Monday, April 1, 2013

Working with Totals and Subtotals in Tableau

Today, we will talk about how to utilize totals and subtotals in Tableau.  All a total/subtotal does is apply the TOTAL() function to the current calculation.  At it's most basic, this applies the underlying calculation to data within all of the panes.  Here, we can see a very simple, yet naive way to display totals.  For the first example, let's use the Superstore Sales sample data set in Tableau.

Sales by Quarter (with Simple Totals)
However, what if your data was set up differently.  I worked with a client who wanted some pretty complex Period to Date calculations.  Their data looked something like
Sample Data
Notice that the Running Sum is calculated at the data source, not in Tableau.  This makes calculations a little more complex.  Let's put these in our naive mock-up again.
Naive Totals
We can see that our Row Totals are pretty intuitive.  They give the total across the dimension, as well as the running sum of that total.  Technically, they are doing the sum of the running sum.  However, these values are identical because addition is associative, (Math fact of the day :P).

On the other hand, the column grand totals are somewhat strange.  The value grand totals are fine, but the running grand totals are adding, when they shouldn't be.  We can make this better.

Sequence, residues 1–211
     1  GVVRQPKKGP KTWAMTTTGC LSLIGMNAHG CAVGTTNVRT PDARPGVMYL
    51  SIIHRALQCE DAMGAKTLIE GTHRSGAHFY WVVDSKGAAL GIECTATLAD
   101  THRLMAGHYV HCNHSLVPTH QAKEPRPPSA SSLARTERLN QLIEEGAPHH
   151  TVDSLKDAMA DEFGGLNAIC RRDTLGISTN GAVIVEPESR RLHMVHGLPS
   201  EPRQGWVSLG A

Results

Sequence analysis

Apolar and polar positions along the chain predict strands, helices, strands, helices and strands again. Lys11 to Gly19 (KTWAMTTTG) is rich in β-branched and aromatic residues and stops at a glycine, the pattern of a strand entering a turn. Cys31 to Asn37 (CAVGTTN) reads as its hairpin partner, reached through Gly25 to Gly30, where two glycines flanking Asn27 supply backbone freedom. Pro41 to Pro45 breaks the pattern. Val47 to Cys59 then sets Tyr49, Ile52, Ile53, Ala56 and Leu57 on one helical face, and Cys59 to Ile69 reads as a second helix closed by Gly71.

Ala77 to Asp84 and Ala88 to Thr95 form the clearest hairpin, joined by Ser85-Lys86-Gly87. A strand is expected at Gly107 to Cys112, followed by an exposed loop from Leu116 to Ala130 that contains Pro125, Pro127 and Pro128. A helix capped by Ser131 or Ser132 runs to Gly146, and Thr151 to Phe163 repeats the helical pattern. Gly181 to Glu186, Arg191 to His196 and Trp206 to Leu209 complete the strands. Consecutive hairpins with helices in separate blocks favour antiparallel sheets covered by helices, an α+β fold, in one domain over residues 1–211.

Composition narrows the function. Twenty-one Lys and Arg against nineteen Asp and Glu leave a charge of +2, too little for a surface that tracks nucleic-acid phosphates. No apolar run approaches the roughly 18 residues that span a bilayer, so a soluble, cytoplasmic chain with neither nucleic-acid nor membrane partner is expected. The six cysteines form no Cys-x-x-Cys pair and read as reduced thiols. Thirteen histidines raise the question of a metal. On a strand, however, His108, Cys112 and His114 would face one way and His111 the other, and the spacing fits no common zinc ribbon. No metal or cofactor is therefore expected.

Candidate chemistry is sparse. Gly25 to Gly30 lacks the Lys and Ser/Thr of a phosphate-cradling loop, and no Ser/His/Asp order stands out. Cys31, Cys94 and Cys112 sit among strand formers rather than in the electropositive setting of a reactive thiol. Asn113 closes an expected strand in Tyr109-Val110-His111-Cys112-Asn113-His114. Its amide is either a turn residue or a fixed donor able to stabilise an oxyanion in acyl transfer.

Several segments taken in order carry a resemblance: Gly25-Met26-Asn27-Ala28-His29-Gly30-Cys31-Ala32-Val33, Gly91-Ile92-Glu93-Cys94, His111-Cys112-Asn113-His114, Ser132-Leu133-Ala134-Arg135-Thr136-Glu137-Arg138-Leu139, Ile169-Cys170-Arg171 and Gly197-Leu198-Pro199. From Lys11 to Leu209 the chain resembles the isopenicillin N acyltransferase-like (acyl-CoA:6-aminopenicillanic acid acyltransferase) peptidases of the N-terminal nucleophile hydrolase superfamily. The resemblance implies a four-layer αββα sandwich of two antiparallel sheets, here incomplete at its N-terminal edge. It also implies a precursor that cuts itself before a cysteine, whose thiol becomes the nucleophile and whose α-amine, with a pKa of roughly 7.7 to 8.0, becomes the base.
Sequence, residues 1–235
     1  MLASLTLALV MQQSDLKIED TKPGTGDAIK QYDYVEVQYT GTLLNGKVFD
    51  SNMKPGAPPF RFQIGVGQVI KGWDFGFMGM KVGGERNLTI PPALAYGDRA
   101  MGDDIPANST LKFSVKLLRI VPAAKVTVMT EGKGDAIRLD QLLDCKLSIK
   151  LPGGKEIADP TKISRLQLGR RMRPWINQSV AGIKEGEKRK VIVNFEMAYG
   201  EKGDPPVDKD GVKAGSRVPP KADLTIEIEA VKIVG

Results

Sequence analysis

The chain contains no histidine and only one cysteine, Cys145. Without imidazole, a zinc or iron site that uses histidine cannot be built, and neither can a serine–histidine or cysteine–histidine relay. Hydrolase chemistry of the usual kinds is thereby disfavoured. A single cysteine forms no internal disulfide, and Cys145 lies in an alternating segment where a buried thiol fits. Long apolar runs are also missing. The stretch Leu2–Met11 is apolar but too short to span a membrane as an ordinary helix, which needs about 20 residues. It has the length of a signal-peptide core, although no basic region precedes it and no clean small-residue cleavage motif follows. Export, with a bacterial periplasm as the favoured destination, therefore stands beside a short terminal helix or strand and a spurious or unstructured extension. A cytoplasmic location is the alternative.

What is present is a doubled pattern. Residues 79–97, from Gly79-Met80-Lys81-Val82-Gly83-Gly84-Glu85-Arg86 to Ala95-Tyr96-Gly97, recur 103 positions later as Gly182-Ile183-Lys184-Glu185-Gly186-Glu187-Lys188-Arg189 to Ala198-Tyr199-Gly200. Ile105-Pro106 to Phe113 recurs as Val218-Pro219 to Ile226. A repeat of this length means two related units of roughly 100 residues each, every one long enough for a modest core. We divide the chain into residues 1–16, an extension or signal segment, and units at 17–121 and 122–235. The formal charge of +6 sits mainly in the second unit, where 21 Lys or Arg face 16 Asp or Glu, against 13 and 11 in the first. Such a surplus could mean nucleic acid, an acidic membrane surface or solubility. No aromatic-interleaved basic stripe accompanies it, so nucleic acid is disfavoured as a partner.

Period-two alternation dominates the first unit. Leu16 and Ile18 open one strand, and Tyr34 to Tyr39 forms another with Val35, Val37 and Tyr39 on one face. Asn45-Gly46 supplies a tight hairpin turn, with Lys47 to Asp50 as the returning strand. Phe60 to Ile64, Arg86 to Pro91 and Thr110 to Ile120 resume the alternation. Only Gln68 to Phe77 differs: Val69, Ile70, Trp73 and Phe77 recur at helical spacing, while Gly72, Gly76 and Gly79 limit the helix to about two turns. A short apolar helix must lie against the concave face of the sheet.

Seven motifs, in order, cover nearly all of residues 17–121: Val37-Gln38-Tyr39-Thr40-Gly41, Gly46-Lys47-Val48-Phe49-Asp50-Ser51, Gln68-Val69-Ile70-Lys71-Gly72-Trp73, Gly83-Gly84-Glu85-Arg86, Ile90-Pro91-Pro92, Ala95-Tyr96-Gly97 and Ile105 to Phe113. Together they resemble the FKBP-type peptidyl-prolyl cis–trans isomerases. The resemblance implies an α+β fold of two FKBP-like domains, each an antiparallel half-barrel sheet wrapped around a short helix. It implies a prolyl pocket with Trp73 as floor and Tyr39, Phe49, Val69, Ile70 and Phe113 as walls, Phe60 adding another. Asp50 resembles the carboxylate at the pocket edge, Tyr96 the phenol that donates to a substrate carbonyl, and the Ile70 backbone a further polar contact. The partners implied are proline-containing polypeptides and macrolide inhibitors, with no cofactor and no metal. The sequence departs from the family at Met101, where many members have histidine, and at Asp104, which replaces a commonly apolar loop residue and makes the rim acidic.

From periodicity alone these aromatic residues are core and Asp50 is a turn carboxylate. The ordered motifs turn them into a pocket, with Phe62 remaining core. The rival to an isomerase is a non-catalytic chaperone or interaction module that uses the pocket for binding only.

Step 1:
  • Remove "Dimension" from the chart
Value and Running Sum of Value by Day
This chart looks much cleaner, and simpler to show the technique.  Now, let's do something about this total.  To my knowledge, there is no way to get the max if you are summing over a dimension as well (the dimension is Dimension in this case).  Therefore, let's do the next best thing, remove it.

Step 2:
  • Create a calculation that returns SUM( [Running Sum of Value] ) only if there is 1 value for Day of [Date], i.e. not the total
  • Create the following calculation
Running Sum of Value (with No Total)
Step 3:
  • Show it on your chart
Value and Running Sum of Value by Day (with Proper Totals)
Now, the chart is much cleaner because there is no misleading information.  Alas, this is just the beginning.  Try using this technique for more complex charts and data sets.  I hope you found this informative.  Thanks for reading.


The inspiration for this idea came in part from Jonathan DrummeyMarco Russo, and Alberto Ferrari.

Brad Llewellyn
Associate Consultant
Mariner, LLC


  1. Hi Brad --- This was helpful today and did not have to spend time researching; the "Additon is Associative" was the key for me! Thank you! Angela

  2. Hai Brad...This was vey helpful..Thanks